The Fleur de Lys range of period vans was one of several around in the eighties– most being offered in kit form. Several of them frankly weren’t very good but the Newark company’s offerings thanks largely to the input of sixties motorsport designer-great LEN TERRY, were first class. They were available as turnkeys or as kit packages.

Fleur de Lys means ‘flower of the lily’ and has been widely used in heraldry through the ages and the company behind the vans and period vehicles had a very interesting story.

It’s often been said that when Newark patisserie owner, Dionysios Andreas Livernas (Fleur de Lys Patisseries) wanted a period-style vehicle to help promote his business he couldn’t find what he wanted so decided to build his own hence the Len Terry connection.

I’ve also seen it written elsewhere that Liveras ran a baker’s shop. While it is true that his business did produce pastries – fresh cream a speciality – it was hardly a corner kiosk.

It was a huge operation employing some 600 staff.

The company were the kings of the supermarket chilled fresh cream (nice line in profiteroles!) and pastry aisles for many years supplying the likes of Birds Eye, BHS, Sainsbury’s, Marks & Spencer with own-label products. The company was ultimately bought out by Grand Metropolitan.

In 1983, Livernas designed his own vehicle and engaged the services of Terry and even set up a new division of the company called Fleur de Lys Vehicle Manufacturing with Kyri Kyriacou installed as managing director. Another key member of the management team was Iain Robertson Muir.

They didn’t just stick to vintage vehicles either as they were quite ambitious. One notable thing about the Fleur de Lys vehicles was their superb handling. Liveras had complained that a couple of rival products didn’t have a good ride quality.

Len Terry was known for his suspension set-up skills. Therefore, Fleur de Lys’ vehicles may have looked vintage but they drove like brand-new, modern-day cars.

Just prior to the company taking on the Evante project in 1991, Len Terry had been working on a low-cost modern two-seater under the Fleur de Lys name called The Zero. He carried some of it over to the Evante Mk2, such as the Zetec engine.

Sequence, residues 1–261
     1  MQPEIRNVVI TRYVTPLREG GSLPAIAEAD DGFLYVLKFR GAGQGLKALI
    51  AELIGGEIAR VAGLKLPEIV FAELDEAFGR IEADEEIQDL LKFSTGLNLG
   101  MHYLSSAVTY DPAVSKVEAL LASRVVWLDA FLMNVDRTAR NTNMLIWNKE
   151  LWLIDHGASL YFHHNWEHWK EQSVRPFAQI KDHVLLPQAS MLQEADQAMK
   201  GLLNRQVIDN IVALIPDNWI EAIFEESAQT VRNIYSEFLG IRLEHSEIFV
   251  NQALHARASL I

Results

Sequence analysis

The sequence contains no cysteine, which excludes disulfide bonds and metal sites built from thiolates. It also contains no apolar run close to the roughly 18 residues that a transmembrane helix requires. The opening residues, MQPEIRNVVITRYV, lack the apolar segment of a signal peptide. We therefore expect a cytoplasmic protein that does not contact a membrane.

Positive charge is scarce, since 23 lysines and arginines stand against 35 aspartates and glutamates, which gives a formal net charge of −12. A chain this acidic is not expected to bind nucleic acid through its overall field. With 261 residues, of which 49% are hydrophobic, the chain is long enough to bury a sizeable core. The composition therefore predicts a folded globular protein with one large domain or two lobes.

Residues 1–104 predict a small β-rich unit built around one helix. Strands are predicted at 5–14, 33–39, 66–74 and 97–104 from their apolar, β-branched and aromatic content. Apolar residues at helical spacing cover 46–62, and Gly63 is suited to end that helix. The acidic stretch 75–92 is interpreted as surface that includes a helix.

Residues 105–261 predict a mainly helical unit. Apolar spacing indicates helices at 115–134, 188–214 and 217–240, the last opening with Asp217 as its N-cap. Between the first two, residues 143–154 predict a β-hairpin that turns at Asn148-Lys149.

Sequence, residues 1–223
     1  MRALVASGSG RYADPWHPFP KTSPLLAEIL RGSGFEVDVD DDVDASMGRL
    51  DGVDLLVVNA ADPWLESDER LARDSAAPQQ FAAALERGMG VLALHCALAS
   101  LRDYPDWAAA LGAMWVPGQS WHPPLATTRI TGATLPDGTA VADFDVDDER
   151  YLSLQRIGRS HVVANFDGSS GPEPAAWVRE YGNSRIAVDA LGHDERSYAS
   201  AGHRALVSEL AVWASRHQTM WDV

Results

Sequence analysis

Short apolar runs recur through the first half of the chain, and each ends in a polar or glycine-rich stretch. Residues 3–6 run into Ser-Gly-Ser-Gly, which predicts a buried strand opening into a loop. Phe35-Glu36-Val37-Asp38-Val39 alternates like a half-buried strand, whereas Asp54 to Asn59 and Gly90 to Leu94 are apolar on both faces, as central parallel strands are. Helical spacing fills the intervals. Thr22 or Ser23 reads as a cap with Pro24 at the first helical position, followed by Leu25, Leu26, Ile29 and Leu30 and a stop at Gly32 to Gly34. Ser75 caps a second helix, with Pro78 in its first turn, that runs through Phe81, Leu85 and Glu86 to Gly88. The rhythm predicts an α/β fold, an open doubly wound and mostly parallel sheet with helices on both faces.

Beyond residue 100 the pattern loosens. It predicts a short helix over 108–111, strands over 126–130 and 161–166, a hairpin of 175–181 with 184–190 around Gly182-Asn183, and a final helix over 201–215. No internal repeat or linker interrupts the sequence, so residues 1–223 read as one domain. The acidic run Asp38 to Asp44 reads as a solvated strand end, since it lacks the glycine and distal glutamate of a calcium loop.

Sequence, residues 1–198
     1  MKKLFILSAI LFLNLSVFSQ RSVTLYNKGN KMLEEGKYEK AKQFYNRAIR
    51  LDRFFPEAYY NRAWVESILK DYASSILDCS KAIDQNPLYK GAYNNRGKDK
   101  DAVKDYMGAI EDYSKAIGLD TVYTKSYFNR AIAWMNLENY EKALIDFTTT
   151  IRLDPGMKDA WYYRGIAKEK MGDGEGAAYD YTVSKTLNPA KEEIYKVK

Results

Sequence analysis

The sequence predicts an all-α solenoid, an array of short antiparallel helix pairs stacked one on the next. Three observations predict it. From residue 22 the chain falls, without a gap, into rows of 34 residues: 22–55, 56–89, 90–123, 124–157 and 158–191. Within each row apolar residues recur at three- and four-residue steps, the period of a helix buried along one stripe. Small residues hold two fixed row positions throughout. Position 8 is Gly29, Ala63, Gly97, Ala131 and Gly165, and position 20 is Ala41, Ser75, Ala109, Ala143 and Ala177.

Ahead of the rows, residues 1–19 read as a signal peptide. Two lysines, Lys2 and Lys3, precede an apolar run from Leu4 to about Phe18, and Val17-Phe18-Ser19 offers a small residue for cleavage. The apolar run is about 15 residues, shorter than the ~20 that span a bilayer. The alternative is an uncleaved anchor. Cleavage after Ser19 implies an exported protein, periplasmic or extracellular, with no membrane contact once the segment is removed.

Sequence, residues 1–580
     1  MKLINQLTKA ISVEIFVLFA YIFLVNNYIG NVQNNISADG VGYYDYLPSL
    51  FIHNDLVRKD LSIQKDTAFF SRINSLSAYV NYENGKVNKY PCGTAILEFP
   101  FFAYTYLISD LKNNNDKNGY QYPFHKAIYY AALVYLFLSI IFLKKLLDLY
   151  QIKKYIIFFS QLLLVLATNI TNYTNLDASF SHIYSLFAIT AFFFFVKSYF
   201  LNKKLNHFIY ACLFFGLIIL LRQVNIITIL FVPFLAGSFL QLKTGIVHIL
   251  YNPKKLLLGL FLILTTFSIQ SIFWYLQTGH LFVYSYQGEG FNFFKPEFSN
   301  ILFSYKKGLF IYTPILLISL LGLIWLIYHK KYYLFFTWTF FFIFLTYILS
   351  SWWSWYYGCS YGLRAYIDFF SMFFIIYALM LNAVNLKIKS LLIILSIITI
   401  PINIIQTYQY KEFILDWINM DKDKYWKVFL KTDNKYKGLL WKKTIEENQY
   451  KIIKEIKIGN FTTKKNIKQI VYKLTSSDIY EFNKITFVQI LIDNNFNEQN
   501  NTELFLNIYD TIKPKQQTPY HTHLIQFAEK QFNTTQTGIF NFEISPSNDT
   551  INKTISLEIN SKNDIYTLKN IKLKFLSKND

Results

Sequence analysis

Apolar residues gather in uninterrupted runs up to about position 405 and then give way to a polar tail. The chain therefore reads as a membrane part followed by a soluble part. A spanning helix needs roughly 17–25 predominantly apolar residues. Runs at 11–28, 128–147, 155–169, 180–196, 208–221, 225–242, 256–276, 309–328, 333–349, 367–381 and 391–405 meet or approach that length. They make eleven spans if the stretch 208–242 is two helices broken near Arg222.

Kyriacou was pretty successful in getting his vans and limos out to a wider audience with plenty of companies small, large and artisan recognising the promotional impact that a vintage-looking van with modern mechanicals could make on their business.

Quite a few Fleur de Lys’ vehicles were produced with wedding hire work in mind. This one is a beauty.

Fleur de Lys’ corporate customers were an impressive list and included – Harrods (they bought six!), Kelloggs, Michelin, JVC, Walls, Castrol, Bang & Olufsen and Budweiser UK.

The vehicles were even sold with a Ford warranty meaning they could be serviced and repaired by a Ford dealer’s service department. By 1985 the company had complied with European Low Volume Type Approval regulations and a growing number of its products were exported. 90 per cent of them at the height of sales.

They were coachbuilt vehicles using mahogany and solid brass fittings, brass radiator cowls and diecast artillery-type wheels. Bonnets, doors and mudguards were usually formed from aluminium. They also had period-type klaxon horns fitted, too.

With the effects of the early nineties recession taking hold, Fleur de Lys’s sales, particularly their exports, were contracting and so in 1994 Kyriacou decided to close the vehicle manufacturing arm which at one time had employed 80 staff at the company’s Brunel Drive, Newark factory.

When they put down their spanners for the last time in 1994, they were showing a healthy cash surplus so they didn’t go into liquidation as is often erroneously reported.


FDL’s first model was the Newark primarily available as a Ford-based Van but they also produced mini-bus and hearse versions.

This was by far their best seller with businesses from international to corner shop size recognising their potential.

Fleur de Lys 1983-1994

Approx 150 made


Initially available in Laundalet style the Belgravia was FDL’s take on vintage and elegant Rolls-Royce of the day wafting occupants along in grand comfort. Very luxurious.

Fleur de Lys 1986-1994

Approx 15 made


Exactly the same as the Belgravia Laundalet except that the rear bodystyle was plusher thus befitting the term ‘limousine’ and was non-opening.

Fleur de Lys 1987-1994

Approx 4 made


This was FdL’s large van bodystyle although they also made at least one with a small bus type body.

Fleur de Lys 1988-994

Approx 6 made


The Evante Mk2 was wide and had revised styling and power from Ford Zetec (a few Vauxhall-powered cars were also produced), rather than the Vegantune ‘twink’ of the Mk1.

Len Terry carried some of the elements of the Zero sportscar that he was working on for FdL into the Mk2.

When the Fleur de Lys stopped making vehicles in 1994, the Mk2 version of the car was acquired by Jeremy Snow trading as Evante Sportscars. The Mk2 added 15 sales to the 108 originals produced.

Fleur de Lys Automobile Manufacturing 1992-94

Evante Sportscars 1998-2005

Approx 15 made